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Small Kansas city passes law protecting LGBTI residents from discrimination

Small Kansas city passes law protecting LGBTI residents from discrimination

Tucker Poling with Sharice Davids, two Kansas politicians

A small city in Kansas recently passed a local ordinance protecting its LGBTI residents from various forms of discrimination.

Council member Tucker Poling first introduced the ordinance with fellow member Chad Herring. They spent more than a year working on it.

‘I’m hopeful that the vote we take tonight will emphatically say to everyone in the LGBTQ community that we see you, we love you and you are welcome here in Prairie Village,’ said Poling upon the law’s passing.

Prairie Village is located in Johnson County, just outside of the Kansas City metropolitan area. As of 2016, its estimated population is 21,805.

Johnson County is in the state’s 3rd congressional district, which was recently won by Democrat Sharice Davids. With her win, Davids became the first LGBTI Native American elected to Congress.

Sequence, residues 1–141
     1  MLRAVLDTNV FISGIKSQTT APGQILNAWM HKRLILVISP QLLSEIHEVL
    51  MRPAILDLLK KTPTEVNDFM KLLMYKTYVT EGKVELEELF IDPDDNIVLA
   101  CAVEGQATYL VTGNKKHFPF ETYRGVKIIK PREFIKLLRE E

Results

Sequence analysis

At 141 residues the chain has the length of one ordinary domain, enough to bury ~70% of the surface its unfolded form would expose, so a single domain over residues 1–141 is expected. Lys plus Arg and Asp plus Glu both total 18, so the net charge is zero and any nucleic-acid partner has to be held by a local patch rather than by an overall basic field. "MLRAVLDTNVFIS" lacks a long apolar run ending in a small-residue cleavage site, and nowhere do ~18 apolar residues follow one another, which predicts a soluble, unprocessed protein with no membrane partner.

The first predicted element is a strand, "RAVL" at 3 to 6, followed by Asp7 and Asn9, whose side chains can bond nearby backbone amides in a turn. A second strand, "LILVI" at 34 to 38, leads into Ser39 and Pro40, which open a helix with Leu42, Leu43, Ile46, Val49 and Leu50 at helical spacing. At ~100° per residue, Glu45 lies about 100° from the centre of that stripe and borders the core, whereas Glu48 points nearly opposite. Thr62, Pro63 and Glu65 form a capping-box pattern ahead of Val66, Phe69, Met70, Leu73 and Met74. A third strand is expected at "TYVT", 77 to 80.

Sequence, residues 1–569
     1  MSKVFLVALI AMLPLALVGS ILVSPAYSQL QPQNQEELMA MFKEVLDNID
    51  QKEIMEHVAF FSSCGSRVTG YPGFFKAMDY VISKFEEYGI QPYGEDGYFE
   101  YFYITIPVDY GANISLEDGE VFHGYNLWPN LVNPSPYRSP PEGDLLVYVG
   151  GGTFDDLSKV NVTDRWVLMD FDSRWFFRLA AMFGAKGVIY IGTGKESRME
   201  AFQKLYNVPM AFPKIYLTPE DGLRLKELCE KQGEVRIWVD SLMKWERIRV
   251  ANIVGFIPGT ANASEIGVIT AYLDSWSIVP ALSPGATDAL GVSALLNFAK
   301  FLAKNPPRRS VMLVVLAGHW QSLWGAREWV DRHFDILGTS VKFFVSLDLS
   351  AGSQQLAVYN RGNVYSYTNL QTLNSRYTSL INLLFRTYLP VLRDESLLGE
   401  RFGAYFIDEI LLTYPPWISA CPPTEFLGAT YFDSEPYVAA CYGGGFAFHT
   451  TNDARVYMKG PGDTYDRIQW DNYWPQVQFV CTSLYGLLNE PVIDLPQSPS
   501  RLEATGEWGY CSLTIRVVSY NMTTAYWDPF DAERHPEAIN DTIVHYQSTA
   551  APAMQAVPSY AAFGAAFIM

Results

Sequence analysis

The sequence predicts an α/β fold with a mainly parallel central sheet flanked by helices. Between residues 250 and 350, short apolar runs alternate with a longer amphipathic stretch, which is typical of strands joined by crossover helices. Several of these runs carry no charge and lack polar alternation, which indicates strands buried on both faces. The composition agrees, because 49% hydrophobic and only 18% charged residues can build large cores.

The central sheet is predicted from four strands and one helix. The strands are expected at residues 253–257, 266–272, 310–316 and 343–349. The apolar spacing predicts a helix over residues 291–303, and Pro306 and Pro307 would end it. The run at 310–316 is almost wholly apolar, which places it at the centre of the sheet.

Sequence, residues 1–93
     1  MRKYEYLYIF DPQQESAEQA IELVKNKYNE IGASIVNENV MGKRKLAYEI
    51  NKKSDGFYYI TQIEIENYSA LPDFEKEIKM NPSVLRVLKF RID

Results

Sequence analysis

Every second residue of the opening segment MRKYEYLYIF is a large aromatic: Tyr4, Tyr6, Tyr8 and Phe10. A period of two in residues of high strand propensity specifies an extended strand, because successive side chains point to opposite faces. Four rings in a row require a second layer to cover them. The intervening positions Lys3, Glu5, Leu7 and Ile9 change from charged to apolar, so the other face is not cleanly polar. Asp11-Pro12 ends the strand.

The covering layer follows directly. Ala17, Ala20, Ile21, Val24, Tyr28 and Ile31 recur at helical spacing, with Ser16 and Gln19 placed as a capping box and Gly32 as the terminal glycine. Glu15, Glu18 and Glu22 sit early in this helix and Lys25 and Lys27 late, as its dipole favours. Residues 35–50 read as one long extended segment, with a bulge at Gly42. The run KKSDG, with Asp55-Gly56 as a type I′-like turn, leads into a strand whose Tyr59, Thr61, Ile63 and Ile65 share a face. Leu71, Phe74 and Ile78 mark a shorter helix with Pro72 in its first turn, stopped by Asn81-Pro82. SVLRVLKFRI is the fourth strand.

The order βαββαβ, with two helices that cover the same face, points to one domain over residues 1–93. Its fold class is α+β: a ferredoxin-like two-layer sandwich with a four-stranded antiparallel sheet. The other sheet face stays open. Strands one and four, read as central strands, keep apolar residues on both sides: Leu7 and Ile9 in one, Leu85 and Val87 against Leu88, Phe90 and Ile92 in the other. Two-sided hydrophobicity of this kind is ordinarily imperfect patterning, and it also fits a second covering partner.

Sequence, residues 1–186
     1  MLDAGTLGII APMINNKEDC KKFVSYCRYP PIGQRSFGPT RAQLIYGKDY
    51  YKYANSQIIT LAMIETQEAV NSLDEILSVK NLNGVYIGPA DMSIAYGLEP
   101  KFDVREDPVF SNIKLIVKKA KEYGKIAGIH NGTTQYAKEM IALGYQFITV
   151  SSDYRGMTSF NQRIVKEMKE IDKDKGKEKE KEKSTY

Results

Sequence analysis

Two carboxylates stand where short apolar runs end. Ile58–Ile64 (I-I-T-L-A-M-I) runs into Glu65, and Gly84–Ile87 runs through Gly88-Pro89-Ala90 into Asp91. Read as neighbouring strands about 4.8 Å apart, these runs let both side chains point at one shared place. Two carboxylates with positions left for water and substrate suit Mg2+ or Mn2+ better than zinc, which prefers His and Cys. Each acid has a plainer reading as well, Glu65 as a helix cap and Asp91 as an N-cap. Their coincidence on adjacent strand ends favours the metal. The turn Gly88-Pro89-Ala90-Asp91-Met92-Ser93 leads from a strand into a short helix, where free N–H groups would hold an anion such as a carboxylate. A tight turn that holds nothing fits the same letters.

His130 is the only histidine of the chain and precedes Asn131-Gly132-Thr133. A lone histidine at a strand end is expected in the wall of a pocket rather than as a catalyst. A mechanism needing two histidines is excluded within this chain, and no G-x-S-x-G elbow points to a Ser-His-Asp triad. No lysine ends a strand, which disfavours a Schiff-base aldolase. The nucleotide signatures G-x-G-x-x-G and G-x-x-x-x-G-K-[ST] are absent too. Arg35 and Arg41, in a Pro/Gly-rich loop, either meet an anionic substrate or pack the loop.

The ordinance passed by a unanimous vote. Residents who gathered for the vote cheered and applauded when it passed.

The new law bans discrimination based on a person’s sexual orientation and gender identity in numerous places. These include housing, employment, and public services (such as businesses and restaurants).

If someone does discriminate in these fields, they could face up to a $1,000 fine.

Reactions to the victory

Mayor Laura Wassmer oversaw the vote during her final meeting as mayor. She said she hopes its passage will encourage other cities in the county to introduce and pass similar measures.

Other cities in the county, Mission and Merriam, have votes planned for non-discrimination ordinances soon.

Some, however, worry the ordinance infringes on their religious freedom, a common clash in the United States.

One business owner, Trey Jadlow, addressed this concern.

‘This ordinance is essentially outlawing the practice of biblical Christianity,’ he claimed.

Herring, one of the members who introduced the law, disagreed. He noted six churches and a synagogue in the city supported it. He also opined: ‘Too often I think these considerations are juxtaposing religion against neighbors.’

H/t: Kansas City Star

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